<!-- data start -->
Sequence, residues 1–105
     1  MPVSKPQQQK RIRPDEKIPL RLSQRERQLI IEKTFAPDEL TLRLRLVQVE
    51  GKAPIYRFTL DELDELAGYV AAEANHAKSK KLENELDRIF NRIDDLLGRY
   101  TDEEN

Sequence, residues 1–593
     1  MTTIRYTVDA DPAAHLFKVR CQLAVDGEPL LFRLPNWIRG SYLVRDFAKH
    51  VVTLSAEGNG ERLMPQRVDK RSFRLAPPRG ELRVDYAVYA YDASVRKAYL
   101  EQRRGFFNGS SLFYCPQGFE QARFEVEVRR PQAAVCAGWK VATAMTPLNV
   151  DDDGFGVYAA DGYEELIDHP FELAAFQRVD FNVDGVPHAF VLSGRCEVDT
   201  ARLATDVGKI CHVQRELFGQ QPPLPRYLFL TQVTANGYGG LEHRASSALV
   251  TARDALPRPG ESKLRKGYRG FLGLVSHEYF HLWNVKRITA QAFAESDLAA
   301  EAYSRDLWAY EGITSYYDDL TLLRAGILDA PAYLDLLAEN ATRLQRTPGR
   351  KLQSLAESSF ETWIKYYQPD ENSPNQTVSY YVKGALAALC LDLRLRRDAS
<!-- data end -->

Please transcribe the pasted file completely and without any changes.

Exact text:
Sequence, residues 1–105
     1  MPVSKPQQQK RIRPDEKIPL RLSQRERQLI IEKTFAPDEL TLRLRLVQVE
    51  GKAPIYRFTL DELDELAGYV AAEANHAKSK KLENELDRIF NRIDDLLGRY
   101  TDEEN

Sequence, residues 1–593
     1  MTTIRYTVDA DPAAHLFKVR CQLAVDGEPL LFRLPNWIRG SYLVRDFAKH
    51  VVTLSAEGNG ERLMPQRVDK RSFRLAPPRG ELRVDYAVYA YDASVRKAYL
   101  EQRRGFFNGS SLFYCPQGFE QARFEVEVRR PQAAVCAGWK VATAMTPLNV
   151  DDDGFGVYAA DGYEELIDHP FELAAFQRVD FNVDGVPHAF VLSGRCEVDT
   201  ARLATDVGKI CHVQRELFGQ QPPLPRYLFL TQVTANGYGG LEHRASSALV
   251  TARDALPRPG ESKLRKGYRG FLGLVSHEYF HLWNVKRITA QAFAESDLAA
   301  EAYSRDLWAY EGITSYYDDL TLLRAGILDA PAYLDLLAEN ATRLQRTPGR
   351  KLQSLAESSF ETWIKYYQPD ENSPNQTVSY YVKGALAALC LDLRLRRDAS